'India has highest number of underweight children'
- Government issues high alert, says Islamic State expanding area of terror
- Putin vows to hunt down those who bombed Russian plane in Egypt
- Mani Shankar Aiyar to Pakistan channel: Remove Modi for talks to resume
- Chittoor Mayor shot dead while trying to save husband
- Hyderabad nursery student dies after head gets stuck in school lift
India's higher economic growth has not translated into a superior nutritional status for the country's women and children, as the country houses the highest number of underweight children globally, the World Bank has said.
"The prevalence of underweight children in India is among the highest in the world," the bank said in its publication, 'The World Bank in India'.
"Despite experiencing unprecedented economic growth during the last decade, South Asia, including India, has the highest rates of malnutrition and the largest numbers of undernourished in the world," it said.
Citing estimates by the World Health Organisation (WHO), it said about 49 per cent of the world's underweight children, 34 per cent of the world's stunted children and 46 per cent of the world's wasted children, live in India.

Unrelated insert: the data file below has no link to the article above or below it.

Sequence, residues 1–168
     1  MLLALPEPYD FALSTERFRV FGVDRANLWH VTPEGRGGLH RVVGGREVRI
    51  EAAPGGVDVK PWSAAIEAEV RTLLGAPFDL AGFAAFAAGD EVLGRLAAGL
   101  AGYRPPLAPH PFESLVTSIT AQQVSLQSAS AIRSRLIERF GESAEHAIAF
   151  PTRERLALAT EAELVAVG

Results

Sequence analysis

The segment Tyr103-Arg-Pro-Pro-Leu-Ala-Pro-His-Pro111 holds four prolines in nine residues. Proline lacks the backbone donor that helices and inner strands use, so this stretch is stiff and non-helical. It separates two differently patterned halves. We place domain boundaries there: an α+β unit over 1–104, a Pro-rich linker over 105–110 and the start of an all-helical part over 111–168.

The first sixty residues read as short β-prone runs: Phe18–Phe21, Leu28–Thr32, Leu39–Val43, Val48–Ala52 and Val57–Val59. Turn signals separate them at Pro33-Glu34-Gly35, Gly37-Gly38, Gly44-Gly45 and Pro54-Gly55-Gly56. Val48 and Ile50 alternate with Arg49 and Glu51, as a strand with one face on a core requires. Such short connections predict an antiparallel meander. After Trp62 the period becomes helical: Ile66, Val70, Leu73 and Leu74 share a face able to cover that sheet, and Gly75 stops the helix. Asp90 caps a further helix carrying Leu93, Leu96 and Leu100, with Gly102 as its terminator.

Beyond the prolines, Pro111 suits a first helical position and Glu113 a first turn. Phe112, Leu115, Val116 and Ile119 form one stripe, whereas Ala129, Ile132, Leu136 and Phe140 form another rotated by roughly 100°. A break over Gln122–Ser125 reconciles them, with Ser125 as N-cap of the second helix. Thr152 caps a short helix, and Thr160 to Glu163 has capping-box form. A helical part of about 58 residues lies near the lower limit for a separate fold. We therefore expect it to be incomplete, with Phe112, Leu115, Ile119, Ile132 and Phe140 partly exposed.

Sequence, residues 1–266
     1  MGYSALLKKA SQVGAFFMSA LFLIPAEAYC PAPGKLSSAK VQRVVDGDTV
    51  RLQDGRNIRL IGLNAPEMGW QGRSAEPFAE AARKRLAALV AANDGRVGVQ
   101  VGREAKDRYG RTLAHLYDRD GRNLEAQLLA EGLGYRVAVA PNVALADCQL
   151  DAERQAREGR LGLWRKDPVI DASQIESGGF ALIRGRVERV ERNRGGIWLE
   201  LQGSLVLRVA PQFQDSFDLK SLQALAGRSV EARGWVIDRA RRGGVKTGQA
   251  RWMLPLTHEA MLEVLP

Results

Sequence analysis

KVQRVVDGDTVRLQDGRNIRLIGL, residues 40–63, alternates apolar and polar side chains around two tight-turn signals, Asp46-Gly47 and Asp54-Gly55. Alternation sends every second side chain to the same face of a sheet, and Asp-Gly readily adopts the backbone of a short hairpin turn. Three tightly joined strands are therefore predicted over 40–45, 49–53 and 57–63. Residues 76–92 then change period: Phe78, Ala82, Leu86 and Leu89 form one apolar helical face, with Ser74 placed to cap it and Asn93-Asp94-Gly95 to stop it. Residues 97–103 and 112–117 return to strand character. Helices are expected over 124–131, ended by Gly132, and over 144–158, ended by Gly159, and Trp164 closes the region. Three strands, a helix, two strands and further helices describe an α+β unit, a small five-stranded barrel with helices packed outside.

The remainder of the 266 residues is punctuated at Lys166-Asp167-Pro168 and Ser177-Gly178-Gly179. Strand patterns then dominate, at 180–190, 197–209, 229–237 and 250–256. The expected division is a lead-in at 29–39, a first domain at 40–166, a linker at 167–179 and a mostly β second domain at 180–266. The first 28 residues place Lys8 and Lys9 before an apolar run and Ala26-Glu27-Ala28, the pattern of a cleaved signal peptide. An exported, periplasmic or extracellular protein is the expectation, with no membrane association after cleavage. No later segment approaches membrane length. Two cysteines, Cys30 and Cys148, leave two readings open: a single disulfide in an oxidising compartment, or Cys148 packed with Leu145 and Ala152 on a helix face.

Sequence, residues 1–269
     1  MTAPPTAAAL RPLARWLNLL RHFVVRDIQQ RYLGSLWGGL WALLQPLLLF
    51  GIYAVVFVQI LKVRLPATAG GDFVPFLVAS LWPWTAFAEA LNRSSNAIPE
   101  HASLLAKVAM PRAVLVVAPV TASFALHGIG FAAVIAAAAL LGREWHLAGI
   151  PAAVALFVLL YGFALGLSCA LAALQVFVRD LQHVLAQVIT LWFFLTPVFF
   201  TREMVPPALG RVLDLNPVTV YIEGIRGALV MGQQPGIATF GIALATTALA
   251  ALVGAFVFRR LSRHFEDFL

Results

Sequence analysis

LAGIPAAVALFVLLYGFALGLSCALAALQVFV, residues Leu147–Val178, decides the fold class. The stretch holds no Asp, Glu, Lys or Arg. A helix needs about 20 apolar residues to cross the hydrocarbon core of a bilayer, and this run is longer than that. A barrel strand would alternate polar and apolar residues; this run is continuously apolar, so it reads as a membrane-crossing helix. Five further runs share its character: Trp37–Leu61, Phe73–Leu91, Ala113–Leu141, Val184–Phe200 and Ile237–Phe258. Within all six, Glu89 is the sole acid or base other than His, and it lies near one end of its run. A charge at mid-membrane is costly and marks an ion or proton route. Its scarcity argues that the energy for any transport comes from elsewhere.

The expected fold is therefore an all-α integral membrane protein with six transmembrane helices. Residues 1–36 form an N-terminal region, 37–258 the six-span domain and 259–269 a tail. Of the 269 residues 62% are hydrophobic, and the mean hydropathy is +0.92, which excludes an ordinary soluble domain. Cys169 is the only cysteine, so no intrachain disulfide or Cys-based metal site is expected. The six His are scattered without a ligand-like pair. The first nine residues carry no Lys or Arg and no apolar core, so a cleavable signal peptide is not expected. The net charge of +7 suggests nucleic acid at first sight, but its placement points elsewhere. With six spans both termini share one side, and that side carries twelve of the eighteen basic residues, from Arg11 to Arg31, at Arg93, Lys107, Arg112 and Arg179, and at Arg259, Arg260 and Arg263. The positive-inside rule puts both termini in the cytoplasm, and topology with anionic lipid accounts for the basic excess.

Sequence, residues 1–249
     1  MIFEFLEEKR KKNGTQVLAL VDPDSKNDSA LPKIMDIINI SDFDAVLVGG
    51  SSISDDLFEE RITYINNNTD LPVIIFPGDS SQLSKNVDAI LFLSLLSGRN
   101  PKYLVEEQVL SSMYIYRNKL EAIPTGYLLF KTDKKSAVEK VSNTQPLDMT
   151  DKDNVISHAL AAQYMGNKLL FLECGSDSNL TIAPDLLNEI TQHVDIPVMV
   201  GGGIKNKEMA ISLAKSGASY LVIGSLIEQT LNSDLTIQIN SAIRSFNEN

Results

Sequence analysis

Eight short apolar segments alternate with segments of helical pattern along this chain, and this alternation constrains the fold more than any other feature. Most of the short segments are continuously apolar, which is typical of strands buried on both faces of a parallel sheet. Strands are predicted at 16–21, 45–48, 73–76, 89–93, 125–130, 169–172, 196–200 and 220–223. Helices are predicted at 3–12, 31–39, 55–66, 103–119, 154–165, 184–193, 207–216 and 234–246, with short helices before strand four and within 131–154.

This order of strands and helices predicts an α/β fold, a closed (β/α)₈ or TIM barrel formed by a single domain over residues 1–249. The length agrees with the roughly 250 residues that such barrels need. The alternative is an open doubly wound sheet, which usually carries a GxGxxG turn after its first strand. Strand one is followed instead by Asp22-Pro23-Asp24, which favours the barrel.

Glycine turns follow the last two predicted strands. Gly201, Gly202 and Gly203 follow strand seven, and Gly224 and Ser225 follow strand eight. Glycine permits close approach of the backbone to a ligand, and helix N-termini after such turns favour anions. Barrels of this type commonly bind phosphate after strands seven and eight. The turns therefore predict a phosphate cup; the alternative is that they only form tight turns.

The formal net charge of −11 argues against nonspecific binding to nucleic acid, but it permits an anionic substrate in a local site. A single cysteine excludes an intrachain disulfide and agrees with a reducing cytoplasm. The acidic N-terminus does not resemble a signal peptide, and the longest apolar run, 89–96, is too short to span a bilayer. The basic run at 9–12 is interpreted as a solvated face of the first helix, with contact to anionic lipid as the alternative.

The prevalence of malnutrition varies across states, demographic and socio-economic groups, with scheduled tribes and scheduled castes ranking highest among all.
"Madhya Pradesh, Bihar and Jharkhand have the highest malnutrition rates," it said, adding that even in urban areas, a third of the children are underweight.
"Over the past decade, progress in reducing malnutrition in India has been limited; in fact anaemia has increased," it said.
While poverty is often the underlying cause of malnutrition in children, the superior economic growth experienced by South Asian countries compared to those in Sub-Saharan Africa, has not translated into superior nutritional status for the South Asian child.
"Income inequality could help explain what average economic growth figures may conceal, yet inequality is not significantly worse in South Asia than in Africa," the Bank said.
- Europe’s challenge: Find a political solution to the quagmire in West Asia
- Surrogacy isn’t morally reprehensible, surrogates should be seen as workers
- One world, one battlefield
- With five states polling soon, the great Indian election will continue without recess
- Why Stockholm punches above its weight in innovation and entrepreneurship
- Responses to Mumbai, Paris attacks were strikingly different. But India has learnt since